Question

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QUESTION, punishment, crim. law. A means sometimes employed, in some countries, by means of torture, to compel supposed great criminals to disclose their accomplices, or to acknowledge their crimes.
     2. This torture is called question, because, as the unfortunate person accused is made to suffer pain, he is asked questions as to his supposed crime or accomplices. The same as torture. This is unknown in the United States. See Poth. Procedure Criminelle, sect. 5, art. 2, Sec. 3.

QUESTION, evidence. An interrogation put to a witness, requesting him to declare the truth of certain facts as far as he knows them.
     2. Questions are either general or leading. By a general question is meant such an one as requires the witness to state all be knows without any suggestion being made to him, as who gave the blow?
     3. A leading question is one which leads the mind of the witness to the answer, or suggests it to him, as did A B give the blow ?
     4. The Romans called a question by which the fact or supposed fact which the interrogator expected, or wished to find asserted, in and by the answer made to the proposed respondent, a suggestive interrogation, as, is not your name A B? Vide Leading Question.

QUESTION, practice. A point on which the parties are not agreed, and which is submitted to the decision of a judge and jury.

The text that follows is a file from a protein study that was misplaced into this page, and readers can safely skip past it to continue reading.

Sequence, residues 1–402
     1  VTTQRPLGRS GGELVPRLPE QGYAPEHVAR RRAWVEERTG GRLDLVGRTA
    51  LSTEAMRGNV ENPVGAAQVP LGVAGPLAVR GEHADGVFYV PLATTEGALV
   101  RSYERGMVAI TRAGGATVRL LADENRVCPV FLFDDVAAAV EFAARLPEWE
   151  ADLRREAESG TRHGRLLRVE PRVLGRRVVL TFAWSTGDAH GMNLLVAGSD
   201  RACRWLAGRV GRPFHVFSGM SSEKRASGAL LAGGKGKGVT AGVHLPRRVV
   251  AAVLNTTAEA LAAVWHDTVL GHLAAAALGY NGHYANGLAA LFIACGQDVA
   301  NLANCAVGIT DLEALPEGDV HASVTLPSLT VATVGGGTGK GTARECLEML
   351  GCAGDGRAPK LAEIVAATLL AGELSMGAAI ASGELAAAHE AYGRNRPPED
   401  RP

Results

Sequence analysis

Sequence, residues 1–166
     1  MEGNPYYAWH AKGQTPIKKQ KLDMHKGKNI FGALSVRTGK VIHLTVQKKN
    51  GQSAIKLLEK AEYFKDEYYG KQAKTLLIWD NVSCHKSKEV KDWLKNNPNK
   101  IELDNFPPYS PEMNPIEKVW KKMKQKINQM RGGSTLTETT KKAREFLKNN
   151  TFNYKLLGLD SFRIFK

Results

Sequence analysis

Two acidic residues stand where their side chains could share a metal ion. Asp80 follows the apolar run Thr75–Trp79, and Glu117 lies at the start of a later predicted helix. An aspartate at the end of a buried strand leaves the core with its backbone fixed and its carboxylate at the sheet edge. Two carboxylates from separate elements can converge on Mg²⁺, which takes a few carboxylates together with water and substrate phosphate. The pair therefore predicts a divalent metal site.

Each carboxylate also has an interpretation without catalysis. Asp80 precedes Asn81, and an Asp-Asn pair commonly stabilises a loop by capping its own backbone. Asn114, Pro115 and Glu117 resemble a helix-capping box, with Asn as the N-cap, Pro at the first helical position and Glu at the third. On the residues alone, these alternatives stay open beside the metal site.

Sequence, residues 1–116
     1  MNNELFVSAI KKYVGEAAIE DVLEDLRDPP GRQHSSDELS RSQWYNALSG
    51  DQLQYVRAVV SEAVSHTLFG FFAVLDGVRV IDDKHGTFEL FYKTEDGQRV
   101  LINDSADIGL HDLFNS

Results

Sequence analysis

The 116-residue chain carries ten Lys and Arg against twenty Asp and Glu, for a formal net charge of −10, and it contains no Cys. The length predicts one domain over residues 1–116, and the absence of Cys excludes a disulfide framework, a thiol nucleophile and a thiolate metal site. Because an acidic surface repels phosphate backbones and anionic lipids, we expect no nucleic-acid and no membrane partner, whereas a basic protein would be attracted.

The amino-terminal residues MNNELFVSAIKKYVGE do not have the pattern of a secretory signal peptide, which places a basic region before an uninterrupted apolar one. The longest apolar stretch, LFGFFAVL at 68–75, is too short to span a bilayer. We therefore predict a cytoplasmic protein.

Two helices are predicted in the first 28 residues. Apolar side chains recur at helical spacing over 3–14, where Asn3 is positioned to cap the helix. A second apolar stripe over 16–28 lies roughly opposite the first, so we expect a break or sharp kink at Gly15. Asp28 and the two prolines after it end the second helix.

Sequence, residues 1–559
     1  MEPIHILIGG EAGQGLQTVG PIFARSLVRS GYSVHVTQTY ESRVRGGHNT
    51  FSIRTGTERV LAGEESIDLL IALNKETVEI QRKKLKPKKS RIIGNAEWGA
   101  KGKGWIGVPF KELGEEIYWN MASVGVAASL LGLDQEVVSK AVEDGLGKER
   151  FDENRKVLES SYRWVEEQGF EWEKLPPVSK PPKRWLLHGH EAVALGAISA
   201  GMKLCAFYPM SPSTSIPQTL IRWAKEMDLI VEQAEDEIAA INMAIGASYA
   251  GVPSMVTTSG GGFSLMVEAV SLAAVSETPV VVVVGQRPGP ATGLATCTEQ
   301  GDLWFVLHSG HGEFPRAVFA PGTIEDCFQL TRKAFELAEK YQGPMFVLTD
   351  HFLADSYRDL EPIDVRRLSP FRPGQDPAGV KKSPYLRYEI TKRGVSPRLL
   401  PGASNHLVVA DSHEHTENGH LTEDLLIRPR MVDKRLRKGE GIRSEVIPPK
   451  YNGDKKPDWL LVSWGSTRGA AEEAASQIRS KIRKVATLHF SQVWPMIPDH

2. When the doubt or difference arises as to what the law is on a certain state of facts, this is said to be a legal question, and when the party demurs, this is to be decided by the court; when it arises as to the truth or falsehood of facts, this is a question of fact, and is to be decided by the jury.

A Law Dictionary, Adapted to the Constitution and Laws of the United States. By John Bouvier. Published 1856.
References in periodicals archive ?
The questionableness of shared presuppositions rather than their very existence may escape notice.
Has Fish not done us a service by drawing our attention to the questionableness of our unexamined assumptions?
The defensive critique, however, could only uphold itself and its freedom by permanently turning revealed religion into ridicule, thereby concealing its own questionableness. (42) In the final analysis, there is at "the basis of unbelieving science" a moral motive that is no more or no less problematic than that of revealed religion, Strauss concludes.
In opposition to this motivation, Socrates' sophrosune stands in defense of politics by showing that one thing true politics shares with the philosophic quest is awareness of the enduring questionableness of human wholeness.
The political critique that confronts philosophy with its own questionableness causes a reversal of the original, first, and dearest direction of inquiry.